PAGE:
Is it cool to have a dual life?
Oh my God, yes! I'm like in mom mode, I'm in work mode in Vancouver, piano lessons and everything, and then I come here and I've got my swank little 600-square-foot condo downtown. It's a really weird shift, but I love it.

How has your life changed this past year?
Most importantly, I've got the exact same staff. I created a bit of an unintentional media "thing" by telling everybody that I lost my cooks right before opening. For me, it was a bit of a, "Hey, I lost my cooks, but I still did it! Wow!" But everybody kind of focused on the, "Oh my God! She lost her cooks!" And not even my cooks, my evening line staff. I kind of meant it as a positive thing that we worked it out and everything — and don't get me wrong, it was massively stressful — but I've now got the exact same staff I had a year ago.

The hype here was so big. I thought, "This is going to be a hurricane" and it was a hurricane. It's a new city, and even though it's just a two-and-a-half hour drive, I didn't know anybody. I didn't know vendors, I didn't know farmers — it was just completely cold turkey.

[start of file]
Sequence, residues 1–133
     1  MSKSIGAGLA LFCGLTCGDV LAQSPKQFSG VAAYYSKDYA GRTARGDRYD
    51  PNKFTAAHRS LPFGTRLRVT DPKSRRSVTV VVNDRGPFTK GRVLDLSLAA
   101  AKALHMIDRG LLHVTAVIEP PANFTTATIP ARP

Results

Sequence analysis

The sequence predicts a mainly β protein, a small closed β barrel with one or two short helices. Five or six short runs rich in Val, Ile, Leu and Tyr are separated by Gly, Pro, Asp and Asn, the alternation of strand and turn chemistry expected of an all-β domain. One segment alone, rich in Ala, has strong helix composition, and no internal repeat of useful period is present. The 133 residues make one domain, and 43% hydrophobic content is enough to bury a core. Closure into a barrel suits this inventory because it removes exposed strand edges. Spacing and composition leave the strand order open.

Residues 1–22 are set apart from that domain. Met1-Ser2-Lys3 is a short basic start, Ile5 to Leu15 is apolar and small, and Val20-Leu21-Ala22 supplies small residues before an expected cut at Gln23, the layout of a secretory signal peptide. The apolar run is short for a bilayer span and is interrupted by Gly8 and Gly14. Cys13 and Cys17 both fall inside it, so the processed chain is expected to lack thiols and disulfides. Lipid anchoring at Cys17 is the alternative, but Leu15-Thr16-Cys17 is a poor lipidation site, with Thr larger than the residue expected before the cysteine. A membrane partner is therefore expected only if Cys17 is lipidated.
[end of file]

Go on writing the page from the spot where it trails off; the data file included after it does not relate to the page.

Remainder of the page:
[Photo: S. Pratt]

Did you have any sort of meltdown during the opening process?
I didn't have a meltdown, but I refused to call home. For the month of December, I refused to call anybody who might make me cry. So, I didn't talk to my sister, I didn't talk to my Vikram, I didn't talk to my children, I didn't talk to my mom and dad. I just knew that if I talked to a sympathetic person who was worried about me, I would break down into tears.

Here's the other stupid part, and this is not manipulative: I loved knowing they were worried about me! It gave me strength, you know? And then Vikram would leave me messages, and my mom, and then I'd text my sister, "I'm fine, I just can't talk." Not hearing my own voice made me feel passive aggressively wanted by my family.

What works in Vancouver that doesn't work in Seattle and vice versa?